Artificial light is one of the biggest thorns in the craft photographer’s sides. Well, to be more accurate, the fact that one doesn’t have a constant source of uninterrupted, perfectly white balanced light filling every room is the biggest thorn in the craft photographer’s side. This challenge was all about you discovering what happens with different light sources in your home.
So what do I think you’ve seen? Well, I’m placing my bets on the following:
- Under bog standard light bulbs, your photos will have come out a rather unappetising shade of yellow, rather as if everything in the photo has jaundice
- If you have fluorescent lighting, then you’ll have photos with a tinge of blue
- If you have colourful backgrounds, that will also have altered the colours of your subject
- If you used your flash pointing directly at your subject, it will have blasted out a lot of the colour where it hit
So what can you do to combat this?
- You can invest in some continuous lighting daylight lamps (ie they light is always on, unlike some studio lights which flash). There are ones which are for craft use, but you can actually get a desktop lighting set, such as this one from Amazon for around £65: PhotoSEL LS11E22 Tabletop Studio Lighting Kit – 2 x 26W 1300lm 5500K 90+ CRI. It’s almost identical to the setup I have here (note that this photo was taken with my phone using crappy, yellow-hued overhead light because my camera and lighting were otherwise engaged!):
- Desktop lamps are suitable for smaller items, such as quilt blocks, small bags, and pattern step outs. While there are a number of cheaper options for lamps that come with light tents/cubes, resist them for a couple of reasons – 1. The lamps in those kits are lower power and quality and 2. Light tents/cubes are restrictive to what will fit inside and the angles at which you can take photos. I have a light cube (bought separately a long time ago) and it drove me nuts trying to get a photo of more than even a medium sized bear inside, and that was without any staging or props. Instead, a couple of sheets of white foam core board, available from your local art/craft supply shop, works very well for a backdrop.If you need to take larger photos indoors, larger lighting setups are available, but they are more pricy – it might be better to find an outdoor option for them, simply to ensure that you can get constant lighting across the entire subject (I have a pet multi-storey carpark for this purpose!)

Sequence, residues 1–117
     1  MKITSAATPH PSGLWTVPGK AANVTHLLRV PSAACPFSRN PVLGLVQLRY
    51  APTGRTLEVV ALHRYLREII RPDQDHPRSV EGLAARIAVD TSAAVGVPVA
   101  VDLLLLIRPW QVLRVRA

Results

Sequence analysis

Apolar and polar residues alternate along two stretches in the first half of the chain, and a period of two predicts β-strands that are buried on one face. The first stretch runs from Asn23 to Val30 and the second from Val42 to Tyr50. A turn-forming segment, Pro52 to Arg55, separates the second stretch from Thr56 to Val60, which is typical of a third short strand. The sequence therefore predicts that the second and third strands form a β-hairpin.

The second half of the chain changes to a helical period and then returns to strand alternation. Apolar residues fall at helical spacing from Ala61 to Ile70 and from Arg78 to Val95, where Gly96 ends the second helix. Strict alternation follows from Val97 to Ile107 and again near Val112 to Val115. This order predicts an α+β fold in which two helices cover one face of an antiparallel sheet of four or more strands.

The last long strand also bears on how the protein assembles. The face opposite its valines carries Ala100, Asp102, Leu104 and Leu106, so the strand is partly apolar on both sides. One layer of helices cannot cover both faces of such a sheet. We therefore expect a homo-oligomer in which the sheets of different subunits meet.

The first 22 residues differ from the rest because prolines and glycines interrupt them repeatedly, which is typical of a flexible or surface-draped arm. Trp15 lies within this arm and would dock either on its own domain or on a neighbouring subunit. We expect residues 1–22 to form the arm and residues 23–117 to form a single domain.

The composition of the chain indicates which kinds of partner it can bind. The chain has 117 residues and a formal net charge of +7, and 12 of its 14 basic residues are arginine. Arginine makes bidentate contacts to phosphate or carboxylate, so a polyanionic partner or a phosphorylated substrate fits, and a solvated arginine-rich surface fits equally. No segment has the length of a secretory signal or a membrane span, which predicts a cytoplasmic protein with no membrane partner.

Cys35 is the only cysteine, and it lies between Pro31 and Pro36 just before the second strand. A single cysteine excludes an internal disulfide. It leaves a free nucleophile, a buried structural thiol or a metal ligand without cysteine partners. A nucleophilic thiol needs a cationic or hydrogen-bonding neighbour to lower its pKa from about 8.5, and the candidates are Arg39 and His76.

- If you have coloured backgrounds, make sure that you take a white balance reading to ensure that the colour doesn’t affect the tones in your photographs. We talked about that way back in March here. Or you can paint your entire room white, and only use white furniture like I did with this room, to reduce that problem, but that may be a wee bit drastic ;o) Still, it allows me to take photos like this one, without needing to create a white backdrop.
- If you need to use your flash, use some form of filter to reduce the harshness. Depending on whether it is a built in flash or external flash, the accessories are slightly different, but the options include bouncing the light off something (either the ceiling or a bounce card for example), or using a diffuser to spread the light out.
Now let’s see what you discovered: